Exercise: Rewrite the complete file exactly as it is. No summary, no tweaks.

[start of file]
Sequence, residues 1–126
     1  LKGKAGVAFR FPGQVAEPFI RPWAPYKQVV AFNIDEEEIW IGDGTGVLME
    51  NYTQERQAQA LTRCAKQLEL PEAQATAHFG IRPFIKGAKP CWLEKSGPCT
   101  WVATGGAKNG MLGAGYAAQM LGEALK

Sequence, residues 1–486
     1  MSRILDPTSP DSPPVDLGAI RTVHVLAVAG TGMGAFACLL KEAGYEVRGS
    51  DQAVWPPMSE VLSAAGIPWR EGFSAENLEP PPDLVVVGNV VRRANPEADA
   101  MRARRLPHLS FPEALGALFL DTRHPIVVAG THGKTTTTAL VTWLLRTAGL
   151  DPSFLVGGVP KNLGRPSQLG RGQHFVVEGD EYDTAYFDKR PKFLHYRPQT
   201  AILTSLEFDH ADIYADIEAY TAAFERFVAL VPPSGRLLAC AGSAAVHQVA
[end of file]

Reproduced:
Sequence, residues 1–126
     1  LKGKAGVAFR FPGQVAEPFI RPWAPYKQVV AFNIDEEEIW IGDGTGVLME
    51  NYTQERQAQA LTRCAKQLEL PEAQATAHFG IRPFIKGAKP CWLEKSGPCT
   101  WVATGGAKNG MLGAGYAAQM LGEALK

Sequence, residues 1–486
     1  MSRILDPTSP DSPPVDLGAI RTVHVLAVAG TGMGAFACLL KEAGYEVRGS
    51  DQAVWPPMSE VLSAAGIPWR EGFSAENLEP PPDLVVVGNV VRRANPEADA
   101  MRARRLPHLS FPEALGALFL DTRHPIVVAG THGKTTTTAL VTWLLRTAGL
   151  DPSFLVGGVP KNLGRPSQLG RGQHFVVEGD EYDTAYFDKR PKFLHYRPQT
   201  AILTSLEFDH ADIYADIEAY TAAFERFVAL VPPSGRLLAC AGSAAVHQVA